The trend of accounting firms diversifying their offerings to include advisory services is growing, however firms are failing to identify where upskilling is required, according to Rhondalynn Korolak, managing director of Businest.
“Right now, when you’re an accountant, your whole job is about accuracy. There is no grey, it’s either right or it's wrong. People give you their documents and you pump out tax returns and BAS reports and whatever else you do,” Ms Korolak told Accountants Daily.
“Being an adviser is about collaborating with the business. It isn’t about telling people stuff, it’s about asking questions and becoming a better listener. We must teach all of these soft skills and disciplines, and I haven’t met a single firm that has any kind of plan in place to do that.”
Based on her own work in the industry, Ms Korolak said there are too many firms marketing themselves as offering advisory services when their employees are not sufficiently trained in how to deliver them.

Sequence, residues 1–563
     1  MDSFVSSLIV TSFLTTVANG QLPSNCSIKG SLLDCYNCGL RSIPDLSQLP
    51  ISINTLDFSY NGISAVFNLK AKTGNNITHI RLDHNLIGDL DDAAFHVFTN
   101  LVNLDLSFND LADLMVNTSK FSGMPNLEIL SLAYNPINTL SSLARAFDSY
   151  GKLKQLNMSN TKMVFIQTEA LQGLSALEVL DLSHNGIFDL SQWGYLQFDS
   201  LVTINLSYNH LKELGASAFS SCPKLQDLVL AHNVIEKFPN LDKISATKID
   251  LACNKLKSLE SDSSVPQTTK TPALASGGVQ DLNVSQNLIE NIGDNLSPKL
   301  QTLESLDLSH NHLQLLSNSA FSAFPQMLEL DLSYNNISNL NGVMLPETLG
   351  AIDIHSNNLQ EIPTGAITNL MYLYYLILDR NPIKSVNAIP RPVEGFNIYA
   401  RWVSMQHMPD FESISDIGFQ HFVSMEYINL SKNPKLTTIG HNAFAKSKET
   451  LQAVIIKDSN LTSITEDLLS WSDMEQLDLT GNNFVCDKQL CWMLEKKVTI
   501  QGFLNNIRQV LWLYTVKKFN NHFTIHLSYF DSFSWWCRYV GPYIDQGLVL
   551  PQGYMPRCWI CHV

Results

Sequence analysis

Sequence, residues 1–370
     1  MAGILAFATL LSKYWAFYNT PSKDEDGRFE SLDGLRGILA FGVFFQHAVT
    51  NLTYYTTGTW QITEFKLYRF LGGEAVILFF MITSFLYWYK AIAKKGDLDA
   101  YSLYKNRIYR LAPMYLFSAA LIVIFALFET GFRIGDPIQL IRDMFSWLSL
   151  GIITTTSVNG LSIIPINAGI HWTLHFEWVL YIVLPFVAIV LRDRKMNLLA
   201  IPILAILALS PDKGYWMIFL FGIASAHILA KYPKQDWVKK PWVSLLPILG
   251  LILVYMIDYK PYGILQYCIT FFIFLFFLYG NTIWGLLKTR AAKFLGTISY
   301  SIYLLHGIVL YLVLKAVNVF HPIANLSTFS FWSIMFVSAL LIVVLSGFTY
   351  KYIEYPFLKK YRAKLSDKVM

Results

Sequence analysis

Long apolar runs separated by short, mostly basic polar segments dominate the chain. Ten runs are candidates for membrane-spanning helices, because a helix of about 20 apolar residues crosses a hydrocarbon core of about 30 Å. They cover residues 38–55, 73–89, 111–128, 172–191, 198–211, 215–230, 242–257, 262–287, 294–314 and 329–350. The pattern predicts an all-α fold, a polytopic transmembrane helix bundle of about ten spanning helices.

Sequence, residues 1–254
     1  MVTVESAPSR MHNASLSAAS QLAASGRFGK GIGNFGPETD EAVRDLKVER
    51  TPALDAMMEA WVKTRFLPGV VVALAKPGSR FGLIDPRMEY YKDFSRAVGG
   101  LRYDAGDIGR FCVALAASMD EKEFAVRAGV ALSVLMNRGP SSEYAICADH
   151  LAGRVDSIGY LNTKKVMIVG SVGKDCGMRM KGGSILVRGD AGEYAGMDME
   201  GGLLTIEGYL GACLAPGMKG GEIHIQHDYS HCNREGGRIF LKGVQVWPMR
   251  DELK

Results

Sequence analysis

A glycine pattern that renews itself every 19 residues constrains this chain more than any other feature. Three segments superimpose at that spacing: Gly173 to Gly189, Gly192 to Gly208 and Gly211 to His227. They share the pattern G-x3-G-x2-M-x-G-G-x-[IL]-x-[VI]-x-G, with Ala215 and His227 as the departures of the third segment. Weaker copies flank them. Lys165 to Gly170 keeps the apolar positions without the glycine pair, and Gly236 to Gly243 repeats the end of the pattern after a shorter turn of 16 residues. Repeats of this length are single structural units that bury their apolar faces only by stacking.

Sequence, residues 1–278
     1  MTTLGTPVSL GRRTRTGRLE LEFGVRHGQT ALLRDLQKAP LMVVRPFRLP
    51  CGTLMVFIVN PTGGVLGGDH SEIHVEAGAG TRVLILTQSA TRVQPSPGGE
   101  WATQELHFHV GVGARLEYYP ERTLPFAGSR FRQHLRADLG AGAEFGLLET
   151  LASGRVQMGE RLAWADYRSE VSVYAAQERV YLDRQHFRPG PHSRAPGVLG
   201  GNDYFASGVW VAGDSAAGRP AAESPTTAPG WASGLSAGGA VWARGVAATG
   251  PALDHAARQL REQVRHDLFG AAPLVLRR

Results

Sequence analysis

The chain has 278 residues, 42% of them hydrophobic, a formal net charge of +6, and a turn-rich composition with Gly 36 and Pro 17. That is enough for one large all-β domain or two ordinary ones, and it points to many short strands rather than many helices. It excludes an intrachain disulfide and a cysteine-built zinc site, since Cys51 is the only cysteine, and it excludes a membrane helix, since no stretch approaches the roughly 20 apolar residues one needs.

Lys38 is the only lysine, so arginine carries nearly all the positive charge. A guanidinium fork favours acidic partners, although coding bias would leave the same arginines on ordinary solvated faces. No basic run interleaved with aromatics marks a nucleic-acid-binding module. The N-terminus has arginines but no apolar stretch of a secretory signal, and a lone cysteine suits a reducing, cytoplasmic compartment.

“If you don’t have a strategy in place and you don’t have the right diagnostic tools and you don’t have a skills deficiency test and you are not actively upskilling all of your client-facing accountants to actually perform advisory services and to add value, you’ve got no business marketing yourself as that,” she said.
Ms Korolak said this lack of training isn’t just limited to Australia, but is happening everywhere.
“There isn’t anyone doing this anywhere. If you go to America, it’s the same thing. They’re no further ahead than we are,” she said.
“Everybody’s got their head in the sand. Everyone’s talking about ‘trusted adviser’, but is anybody actually doing it? No. Is anyone teaching it? No.”
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